Some of the stimuli were verbs that called for action. The participant (or more precisely, the right hemisphere of the participant’s brain) saw a sign with the word “walk” and immediately stood up to walk. When the researchers asked him why he suddenly rose from his seat, he replied that he was thirsty and needed a drink or gave another equivalent explanation. He never referred to the instruction to walk. Although the word stimulated a behavior, at no time was he aware of its influence on it.

The distinct stimuli were of a different nature and some required a verbal response, more than an action. In all, the constant was the same: People responded in a way that had nothing to do with the explanation of their actions or verbalizations. Furthermore, at no time did they say they did not know the reasons for their actions. The conclusion is fascinating: Even when we do not have the slightest idea why we do what we do, we say what we say or choose what we choose, this poses no impediment for us to go ahead and explain our behavior, although in reality we are dealing with rationalizations developed a posteriori and not an observation of what moves us.

Of course, the consumer is not confronted with the conditions of the experiment in real life. Generally, we see reality with both eyes and the corpus callosum that connects our hemispheres is active. That is, we have more tools to understand the world and ourselves as agents. But even so, our behavior shows grey or black areas that we do not see, and therefore the key word is access.

We have access to certain levels of our psyche, but not to all of them. To return to the example at the beginning, we have no problem understanding the features of Scarlett Johansson that we like. We have access to this and other elements that help to explain the attraction that she exerts over us. It is worth asking about these factors because they are real, we are aware of them, and they fulfill a function. But we are not aware what effects such as facial symmetry influence us. We cannot measure these factors from questions, but they are also real and play a role. We have access to the result of the internal processes that we experience, but not necessarily to the processes themselves, and it is easy to make erroneous attributions between one and the other.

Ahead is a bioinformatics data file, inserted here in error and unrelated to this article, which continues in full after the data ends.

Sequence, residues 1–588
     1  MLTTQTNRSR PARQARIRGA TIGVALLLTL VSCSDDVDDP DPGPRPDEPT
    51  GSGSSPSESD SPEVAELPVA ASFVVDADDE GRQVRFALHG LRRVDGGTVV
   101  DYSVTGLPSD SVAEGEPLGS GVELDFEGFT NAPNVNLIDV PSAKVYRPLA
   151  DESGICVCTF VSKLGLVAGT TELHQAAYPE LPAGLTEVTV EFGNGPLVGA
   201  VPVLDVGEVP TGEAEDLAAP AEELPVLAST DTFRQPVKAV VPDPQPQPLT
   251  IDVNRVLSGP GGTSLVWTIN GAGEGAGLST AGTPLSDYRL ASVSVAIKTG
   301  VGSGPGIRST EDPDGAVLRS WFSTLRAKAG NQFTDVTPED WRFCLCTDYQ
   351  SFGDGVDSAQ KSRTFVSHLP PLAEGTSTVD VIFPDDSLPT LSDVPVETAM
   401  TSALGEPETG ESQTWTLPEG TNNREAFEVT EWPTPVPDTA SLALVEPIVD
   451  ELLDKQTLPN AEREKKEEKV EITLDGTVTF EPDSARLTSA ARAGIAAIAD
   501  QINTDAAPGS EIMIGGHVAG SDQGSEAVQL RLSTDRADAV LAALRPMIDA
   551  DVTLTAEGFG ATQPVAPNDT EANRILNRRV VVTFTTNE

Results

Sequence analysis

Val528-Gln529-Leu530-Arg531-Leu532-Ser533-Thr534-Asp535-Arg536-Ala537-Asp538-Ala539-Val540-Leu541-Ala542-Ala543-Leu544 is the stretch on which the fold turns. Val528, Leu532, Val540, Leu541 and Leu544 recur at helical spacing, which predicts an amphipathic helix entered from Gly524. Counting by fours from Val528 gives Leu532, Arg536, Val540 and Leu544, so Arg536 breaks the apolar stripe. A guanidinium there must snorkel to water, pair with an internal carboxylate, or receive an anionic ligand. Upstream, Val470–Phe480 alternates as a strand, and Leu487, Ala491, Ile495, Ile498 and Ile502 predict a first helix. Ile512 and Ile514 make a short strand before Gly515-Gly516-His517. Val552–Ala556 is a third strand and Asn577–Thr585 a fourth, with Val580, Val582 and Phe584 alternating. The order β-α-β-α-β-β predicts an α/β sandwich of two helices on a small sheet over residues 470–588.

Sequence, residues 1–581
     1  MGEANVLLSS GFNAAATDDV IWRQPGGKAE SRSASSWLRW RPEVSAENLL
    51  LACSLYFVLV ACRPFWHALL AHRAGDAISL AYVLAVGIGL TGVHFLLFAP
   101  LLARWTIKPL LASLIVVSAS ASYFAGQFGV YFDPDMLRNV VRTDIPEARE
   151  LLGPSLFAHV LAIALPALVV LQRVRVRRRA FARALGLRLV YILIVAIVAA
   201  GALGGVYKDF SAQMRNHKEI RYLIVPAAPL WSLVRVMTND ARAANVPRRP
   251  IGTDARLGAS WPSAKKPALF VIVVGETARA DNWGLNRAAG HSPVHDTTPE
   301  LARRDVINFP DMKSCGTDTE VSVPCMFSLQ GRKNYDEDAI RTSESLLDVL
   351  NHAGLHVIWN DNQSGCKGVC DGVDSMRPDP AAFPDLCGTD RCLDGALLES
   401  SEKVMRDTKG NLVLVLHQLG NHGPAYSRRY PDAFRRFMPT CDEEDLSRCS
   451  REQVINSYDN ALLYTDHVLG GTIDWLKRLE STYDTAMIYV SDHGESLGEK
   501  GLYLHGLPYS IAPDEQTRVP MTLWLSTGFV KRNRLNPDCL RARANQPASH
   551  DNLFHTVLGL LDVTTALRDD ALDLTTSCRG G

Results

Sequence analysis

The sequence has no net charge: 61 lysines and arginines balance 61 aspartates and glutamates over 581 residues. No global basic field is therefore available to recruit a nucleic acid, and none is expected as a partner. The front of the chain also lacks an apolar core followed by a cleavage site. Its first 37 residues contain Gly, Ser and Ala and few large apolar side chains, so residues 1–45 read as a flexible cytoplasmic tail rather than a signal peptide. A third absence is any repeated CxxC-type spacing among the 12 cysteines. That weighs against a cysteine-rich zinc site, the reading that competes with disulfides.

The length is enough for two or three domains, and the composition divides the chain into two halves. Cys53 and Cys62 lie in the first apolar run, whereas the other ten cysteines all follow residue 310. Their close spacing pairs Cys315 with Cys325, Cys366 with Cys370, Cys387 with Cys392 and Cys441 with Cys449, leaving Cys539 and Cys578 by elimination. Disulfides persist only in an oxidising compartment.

In ideal circumstances, the recognition of these situations should be followed by solutions to resolve and minimize or eliminate the degree of uncertainty that derives from that we cannot understand by asking. The practice is uneven, probably as a result of finding ourselves in a moment of transition, in which market research is beginning to recognize and understand these new angles, unpublished until recently.

The implementation of solutions is uneven. We find a wide range of positions in the market – from ignoring new learning and continuing as in the past decades, to the position of discarding the former to replace it with practices based only on the latest findings, passing over more balanced attitudes that seek to complement the two extremes.

In any case, at this point market research is full of possibilities and risks, being a practice modeled according to recent assumptions, but distant because of its difference in the knowledge these assumptions shed about consumers and their level of access to information about their own actions and attitudes.

We could say that at its worse, market research has a school of thought taken from the 1990s, applies solutions and processes from the early 21st century and is faced with challenges of the mid 2010s. To remain a useful tool, it is essential to reconcile these aspects.


Gazzaniga, Michael (2012), Who’s in charge, free will and the science of the brain, Ecco

Etcoff, Nancy (2000), Survival of the prettiest: the science of beauty, Anchor